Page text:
The Russian Laundromat case – in which several Russian individuals bought securities through Deutsche Bank’s Moscow office and concurrently sold the same through the bank’s London office – is one of few cases of money laundering involving the markets to make headlines in recent years. These ‘mirror trades’ transferred billions in roubles originating in Russia to dollars paid into offshore companies based in Cyprus and the British Virgin Islands between 2011 and 2015. The case resulted in the largest fine ever handed out by the FCA (£163 million) and revealed how large market players without adequate controls may be exploited to launder billions of pounds using relatively simple techniques.
And yet despite its high profile, the case has not resulted in sea-changes in the approaches taken by regulators and law enforcement to scrutinise how the markets can be abused to launder money, or in significant changes to how firms operating in this space control the risk of money laundering.
Capital markets are vulnerable to money laundering too
Capital markets are globally interconnected and predominantly highly liquid; vast sums moving between jurisdictions in fractions of a second present an attractive target for money launderers. And while retail banks have felt pressure in recent years to build more robust safeguards against money laundering, the same pressure has not been felt by wholesale market participants.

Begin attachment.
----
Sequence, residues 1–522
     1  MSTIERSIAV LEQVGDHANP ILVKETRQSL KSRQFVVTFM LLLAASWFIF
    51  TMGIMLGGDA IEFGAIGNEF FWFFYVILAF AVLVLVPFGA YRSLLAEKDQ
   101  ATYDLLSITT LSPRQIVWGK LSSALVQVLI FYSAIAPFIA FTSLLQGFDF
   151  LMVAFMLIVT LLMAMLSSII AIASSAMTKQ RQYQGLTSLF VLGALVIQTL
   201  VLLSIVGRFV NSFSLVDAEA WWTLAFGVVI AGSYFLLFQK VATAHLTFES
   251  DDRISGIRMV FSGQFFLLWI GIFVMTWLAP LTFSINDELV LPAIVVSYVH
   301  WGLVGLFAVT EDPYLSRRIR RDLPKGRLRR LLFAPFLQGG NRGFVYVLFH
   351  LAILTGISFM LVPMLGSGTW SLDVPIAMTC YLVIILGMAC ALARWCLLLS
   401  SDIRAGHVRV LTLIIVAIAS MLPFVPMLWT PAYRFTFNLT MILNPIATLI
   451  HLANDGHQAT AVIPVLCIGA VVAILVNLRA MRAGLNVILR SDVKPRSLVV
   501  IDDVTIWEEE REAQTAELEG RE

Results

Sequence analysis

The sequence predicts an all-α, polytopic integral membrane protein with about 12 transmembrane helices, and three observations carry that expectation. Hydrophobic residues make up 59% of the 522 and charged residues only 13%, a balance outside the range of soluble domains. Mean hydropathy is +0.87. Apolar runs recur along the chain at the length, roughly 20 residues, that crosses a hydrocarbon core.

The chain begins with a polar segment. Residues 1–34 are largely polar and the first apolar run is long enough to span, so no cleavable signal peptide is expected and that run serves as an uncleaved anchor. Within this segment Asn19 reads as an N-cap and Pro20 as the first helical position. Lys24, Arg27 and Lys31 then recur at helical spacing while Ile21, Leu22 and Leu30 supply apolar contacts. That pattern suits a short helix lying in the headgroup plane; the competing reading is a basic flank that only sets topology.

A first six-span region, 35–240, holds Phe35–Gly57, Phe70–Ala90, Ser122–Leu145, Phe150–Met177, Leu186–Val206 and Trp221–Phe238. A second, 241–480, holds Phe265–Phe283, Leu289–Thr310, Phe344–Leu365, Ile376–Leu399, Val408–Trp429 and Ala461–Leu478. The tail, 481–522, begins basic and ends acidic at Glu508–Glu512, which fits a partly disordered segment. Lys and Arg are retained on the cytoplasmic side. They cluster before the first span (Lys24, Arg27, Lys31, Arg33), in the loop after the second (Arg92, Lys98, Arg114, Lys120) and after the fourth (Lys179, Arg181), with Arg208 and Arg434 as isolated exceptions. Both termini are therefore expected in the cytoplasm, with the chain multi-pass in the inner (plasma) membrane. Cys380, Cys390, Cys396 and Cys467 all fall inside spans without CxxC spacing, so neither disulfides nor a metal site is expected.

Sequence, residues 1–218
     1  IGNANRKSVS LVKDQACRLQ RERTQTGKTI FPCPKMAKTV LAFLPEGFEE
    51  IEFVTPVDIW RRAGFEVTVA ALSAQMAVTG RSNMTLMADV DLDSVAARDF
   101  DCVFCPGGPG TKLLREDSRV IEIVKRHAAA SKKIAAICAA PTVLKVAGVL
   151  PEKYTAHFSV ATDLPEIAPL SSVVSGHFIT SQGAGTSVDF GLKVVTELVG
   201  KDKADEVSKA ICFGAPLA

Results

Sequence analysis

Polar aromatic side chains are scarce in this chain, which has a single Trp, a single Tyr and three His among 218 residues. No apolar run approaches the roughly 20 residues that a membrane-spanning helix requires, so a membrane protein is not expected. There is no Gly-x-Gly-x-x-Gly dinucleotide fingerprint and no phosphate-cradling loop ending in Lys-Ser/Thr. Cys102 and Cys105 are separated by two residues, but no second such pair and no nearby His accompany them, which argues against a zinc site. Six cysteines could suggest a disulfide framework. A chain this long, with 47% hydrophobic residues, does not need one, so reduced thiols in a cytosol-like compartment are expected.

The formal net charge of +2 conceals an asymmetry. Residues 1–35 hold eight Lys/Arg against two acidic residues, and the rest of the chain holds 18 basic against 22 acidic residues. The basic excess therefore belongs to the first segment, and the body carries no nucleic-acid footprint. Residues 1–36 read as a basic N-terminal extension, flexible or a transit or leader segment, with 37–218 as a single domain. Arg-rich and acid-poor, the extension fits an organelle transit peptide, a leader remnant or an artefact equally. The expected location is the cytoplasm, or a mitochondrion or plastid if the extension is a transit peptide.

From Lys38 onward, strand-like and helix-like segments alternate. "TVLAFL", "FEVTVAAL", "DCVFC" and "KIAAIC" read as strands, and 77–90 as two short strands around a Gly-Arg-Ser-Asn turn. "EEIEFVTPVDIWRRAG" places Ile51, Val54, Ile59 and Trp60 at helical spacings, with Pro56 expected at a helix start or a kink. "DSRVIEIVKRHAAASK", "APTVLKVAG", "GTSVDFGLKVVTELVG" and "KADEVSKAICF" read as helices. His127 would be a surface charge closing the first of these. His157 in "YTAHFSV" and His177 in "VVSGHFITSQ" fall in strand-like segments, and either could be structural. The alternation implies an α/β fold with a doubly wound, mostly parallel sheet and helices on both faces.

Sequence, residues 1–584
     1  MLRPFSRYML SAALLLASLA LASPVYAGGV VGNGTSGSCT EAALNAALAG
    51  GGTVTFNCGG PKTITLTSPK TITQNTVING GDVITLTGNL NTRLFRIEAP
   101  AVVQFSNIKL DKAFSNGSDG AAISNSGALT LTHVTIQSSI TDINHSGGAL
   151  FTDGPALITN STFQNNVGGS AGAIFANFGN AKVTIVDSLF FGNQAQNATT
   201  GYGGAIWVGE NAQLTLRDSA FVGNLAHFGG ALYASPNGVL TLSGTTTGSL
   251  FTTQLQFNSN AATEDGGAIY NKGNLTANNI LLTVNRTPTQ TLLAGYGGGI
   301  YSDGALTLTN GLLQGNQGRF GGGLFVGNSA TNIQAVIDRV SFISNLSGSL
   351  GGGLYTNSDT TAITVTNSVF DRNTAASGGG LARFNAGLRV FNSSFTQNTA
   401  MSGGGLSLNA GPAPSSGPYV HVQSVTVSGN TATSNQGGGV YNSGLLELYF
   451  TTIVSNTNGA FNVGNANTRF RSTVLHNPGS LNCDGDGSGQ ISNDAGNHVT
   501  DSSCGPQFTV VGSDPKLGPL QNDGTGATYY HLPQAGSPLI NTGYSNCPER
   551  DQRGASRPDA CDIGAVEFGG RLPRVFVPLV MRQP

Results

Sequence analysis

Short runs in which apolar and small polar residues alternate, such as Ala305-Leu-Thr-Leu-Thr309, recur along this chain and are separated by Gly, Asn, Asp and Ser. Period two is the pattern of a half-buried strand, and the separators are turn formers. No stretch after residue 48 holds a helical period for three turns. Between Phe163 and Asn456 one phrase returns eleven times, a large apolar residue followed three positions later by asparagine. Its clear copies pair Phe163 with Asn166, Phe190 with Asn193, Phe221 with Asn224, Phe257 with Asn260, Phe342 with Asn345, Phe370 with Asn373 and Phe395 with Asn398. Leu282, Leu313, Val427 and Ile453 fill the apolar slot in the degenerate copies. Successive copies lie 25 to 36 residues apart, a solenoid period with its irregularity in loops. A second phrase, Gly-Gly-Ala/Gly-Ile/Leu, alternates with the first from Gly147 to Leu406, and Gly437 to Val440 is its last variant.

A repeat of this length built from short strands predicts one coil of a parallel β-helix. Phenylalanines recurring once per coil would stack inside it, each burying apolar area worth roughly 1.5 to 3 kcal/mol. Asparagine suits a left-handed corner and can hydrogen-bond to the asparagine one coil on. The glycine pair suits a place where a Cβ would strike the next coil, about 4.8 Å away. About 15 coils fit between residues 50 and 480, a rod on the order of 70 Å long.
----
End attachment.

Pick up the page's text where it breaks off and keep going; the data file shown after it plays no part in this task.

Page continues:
Instead, the significant regulatory developments made in this area have focused on managing the risks of market manipulation and insider dealing.
Market manipulation and insider dealing have as their main objective the generation of profit through trades that take unfair advantage of other market participants. In most cases, this causes a detrimental – and intentional – impact on the transparency and efficiency of the market.
Markets-based money laundering, likewise, involves the misuse of the markets for financial gain, and the trades involved may have an impact on market transparency and efficiency – thus meeting the general definition of ‘market abuse’. However, unlike market manipulation and insider trading, markets-based money laundering does not have as a direct goal the generation of profit – but rather, disguising the flow of funds.